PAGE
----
As you may well know, I am a fan of Kallenshaan Woods and their laser-cut pens.  I have a few different ones at work, and at any given time I can be found with one, or other on the go, depending on what mood I am in.

Woodworker pen, flame pen, etc.

But have you ever thought how they produce the inlay bits? And what happens to the leftovers?

The inlays are cut out of blanks made of the inlay material, and they cut as many as possible out of the one piece of timber.  What is left is full of holes of the same shape as the item removed – a negative image.  These blanks are sold through, and provide a whole heap of opportunities.  Filled with resin, crushed rock, put in labels and cover with resin.  There are all sorts of options, limited by your imagination.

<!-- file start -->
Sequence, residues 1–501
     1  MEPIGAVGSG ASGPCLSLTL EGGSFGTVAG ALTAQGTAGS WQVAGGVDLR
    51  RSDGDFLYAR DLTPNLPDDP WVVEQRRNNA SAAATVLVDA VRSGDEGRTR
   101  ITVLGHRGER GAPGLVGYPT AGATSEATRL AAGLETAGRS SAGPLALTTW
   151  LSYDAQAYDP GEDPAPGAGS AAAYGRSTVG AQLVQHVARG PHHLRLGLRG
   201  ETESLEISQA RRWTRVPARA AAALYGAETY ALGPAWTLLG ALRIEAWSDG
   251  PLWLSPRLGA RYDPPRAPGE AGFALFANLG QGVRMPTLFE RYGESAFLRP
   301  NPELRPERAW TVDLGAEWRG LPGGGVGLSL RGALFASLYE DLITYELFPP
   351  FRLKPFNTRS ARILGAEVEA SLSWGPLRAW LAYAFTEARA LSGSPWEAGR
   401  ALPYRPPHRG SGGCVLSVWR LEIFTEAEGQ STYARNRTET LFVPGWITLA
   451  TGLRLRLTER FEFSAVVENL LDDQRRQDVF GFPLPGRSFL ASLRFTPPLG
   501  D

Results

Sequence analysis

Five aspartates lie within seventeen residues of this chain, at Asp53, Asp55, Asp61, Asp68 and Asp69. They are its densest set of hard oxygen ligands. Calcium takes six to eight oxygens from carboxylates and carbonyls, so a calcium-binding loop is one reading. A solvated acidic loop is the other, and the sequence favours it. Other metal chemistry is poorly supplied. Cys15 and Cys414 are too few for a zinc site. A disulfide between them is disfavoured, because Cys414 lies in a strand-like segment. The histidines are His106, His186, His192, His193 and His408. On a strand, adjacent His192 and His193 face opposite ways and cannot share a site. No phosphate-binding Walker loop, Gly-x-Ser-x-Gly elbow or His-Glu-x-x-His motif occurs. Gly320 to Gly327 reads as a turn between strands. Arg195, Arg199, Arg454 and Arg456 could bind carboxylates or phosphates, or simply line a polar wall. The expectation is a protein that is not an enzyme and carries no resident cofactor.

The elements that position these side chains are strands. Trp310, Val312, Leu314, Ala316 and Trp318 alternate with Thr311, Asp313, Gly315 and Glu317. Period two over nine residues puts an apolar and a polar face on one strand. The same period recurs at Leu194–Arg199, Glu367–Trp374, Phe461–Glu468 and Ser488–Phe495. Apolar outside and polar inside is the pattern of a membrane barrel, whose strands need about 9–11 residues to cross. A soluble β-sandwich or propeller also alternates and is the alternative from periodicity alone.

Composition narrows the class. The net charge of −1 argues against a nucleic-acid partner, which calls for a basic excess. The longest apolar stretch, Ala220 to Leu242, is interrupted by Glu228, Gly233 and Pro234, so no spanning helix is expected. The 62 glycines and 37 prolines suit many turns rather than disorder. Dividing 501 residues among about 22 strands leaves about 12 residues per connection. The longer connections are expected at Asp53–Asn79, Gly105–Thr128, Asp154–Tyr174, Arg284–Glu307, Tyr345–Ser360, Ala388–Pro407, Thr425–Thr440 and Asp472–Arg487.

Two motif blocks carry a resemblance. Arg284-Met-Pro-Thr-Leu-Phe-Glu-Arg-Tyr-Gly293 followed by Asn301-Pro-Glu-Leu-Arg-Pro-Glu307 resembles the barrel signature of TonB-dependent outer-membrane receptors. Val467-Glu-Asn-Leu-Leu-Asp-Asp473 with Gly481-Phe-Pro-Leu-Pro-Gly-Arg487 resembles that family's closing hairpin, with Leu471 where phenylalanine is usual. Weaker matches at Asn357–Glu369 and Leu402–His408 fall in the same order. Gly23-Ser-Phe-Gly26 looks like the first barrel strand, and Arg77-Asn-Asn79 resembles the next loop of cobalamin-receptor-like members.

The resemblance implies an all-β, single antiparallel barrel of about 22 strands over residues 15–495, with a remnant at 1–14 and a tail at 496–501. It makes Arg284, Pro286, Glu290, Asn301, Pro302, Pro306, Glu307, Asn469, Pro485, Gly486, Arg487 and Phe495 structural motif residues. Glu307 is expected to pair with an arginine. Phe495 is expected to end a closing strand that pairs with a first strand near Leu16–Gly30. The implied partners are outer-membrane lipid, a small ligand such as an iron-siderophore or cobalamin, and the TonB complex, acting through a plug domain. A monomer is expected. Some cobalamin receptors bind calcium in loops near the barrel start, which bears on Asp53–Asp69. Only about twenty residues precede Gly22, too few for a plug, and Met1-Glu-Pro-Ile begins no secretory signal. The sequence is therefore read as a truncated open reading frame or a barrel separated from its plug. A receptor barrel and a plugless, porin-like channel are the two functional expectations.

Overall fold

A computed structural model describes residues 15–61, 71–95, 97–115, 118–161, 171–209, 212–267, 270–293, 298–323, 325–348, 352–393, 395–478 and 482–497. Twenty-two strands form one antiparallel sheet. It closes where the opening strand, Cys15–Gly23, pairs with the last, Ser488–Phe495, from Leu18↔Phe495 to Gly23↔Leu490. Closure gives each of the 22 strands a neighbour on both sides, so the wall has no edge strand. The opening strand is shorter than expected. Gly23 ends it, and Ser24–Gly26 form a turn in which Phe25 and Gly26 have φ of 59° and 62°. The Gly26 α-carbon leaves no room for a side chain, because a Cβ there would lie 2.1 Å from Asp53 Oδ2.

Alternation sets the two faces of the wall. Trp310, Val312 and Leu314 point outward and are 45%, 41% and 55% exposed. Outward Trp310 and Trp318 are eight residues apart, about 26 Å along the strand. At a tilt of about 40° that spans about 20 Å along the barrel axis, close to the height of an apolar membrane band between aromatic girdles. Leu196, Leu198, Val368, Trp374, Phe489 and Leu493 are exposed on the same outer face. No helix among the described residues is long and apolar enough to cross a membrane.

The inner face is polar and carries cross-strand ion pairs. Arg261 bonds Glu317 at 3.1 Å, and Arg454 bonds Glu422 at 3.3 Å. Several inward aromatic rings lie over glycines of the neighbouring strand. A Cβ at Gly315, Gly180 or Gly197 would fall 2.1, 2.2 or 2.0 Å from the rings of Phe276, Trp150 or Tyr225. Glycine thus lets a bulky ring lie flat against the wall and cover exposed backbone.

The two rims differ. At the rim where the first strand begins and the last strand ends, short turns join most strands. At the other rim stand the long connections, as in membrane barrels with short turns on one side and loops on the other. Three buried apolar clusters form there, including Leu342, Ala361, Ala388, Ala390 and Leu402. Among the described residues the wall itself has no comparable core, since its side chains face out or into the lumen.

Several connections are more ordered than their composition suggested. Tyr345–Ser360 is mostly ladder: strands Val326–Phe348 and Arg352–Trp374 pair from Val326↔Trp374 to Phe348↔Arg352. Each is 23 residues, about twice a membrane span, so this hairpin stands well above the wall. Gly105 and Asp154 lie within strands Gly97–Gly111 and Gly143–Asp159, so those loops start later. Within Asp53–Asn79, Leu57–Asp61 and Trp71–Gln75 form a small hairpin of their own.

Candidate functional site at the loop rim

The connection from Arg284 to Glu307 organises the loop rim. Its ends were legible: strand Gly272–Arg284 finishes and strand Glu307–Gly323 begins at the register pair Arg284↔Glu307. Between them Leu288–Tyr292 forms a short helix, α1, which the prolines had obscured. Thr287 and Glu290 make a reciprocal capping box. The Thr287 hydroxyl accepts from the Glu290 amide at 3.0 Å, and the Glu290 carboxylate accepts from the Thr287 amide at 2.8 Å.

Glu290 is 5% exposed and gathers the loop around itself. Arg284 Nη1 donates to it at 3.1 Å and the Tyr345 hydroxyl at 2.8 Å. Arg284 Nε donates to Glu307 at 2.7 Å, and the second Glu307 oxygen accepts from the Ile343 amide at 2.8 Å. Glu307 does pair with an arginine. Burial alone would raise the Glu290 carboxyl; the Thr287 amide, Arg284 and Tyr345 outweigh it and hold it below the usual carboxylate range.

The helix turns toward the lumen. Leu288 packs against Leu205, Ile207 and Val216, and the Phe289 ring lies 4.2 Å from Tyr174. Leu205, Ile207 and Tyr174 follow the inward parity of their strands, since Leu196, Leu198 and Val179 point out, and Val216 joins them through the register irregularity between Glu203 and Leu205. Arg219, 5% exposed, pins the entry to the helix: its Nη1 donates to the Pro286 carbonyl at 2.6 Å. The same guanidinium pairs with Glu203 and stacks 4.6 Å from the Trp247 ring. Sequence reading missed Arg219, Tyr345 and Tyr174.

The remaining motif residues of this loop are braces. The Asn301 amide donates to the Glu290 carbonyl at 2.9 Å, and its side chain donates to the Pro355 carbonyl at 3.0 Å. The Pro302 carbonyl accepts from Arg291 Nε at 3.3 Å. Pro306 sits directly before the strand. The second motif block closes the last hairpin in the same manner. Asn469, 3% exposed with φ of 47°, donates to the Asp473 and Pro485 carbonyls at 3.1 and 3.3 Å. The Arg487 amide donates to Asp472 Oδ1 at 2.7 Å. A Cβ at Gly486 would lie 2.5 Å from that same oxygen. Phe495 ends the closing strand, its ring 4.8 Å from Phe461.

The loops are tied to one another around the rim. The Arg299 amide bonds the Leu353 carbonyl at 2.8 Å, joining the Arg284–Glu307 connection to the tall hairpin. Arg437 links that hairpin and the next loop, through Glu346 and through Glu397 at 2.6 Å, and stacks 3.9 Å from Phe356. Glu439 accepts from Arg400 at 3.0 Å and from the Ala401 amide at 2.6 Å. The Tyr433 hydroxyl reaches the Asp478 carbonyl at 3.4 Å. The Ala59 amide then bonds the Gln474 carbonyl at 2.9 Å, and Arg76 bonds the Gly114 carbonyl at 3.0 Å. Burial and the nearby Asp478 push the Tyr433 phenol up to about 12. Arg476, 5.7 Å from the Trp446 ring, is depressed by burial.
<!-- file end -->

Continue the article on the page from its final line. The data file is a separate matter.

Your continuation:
Pen inlay leftovers

The Roving Reporter has been playing with some already – you can have a lot of fun with these!

Roving Reporter’s result

Felt sure I had more photos than that, but perhaps my memory is playing tricks, and the other pens I have seen were in person.

Something a bit different if you like that sort of thing.  I certainly think it provides the opportunity for some great, novel pens!

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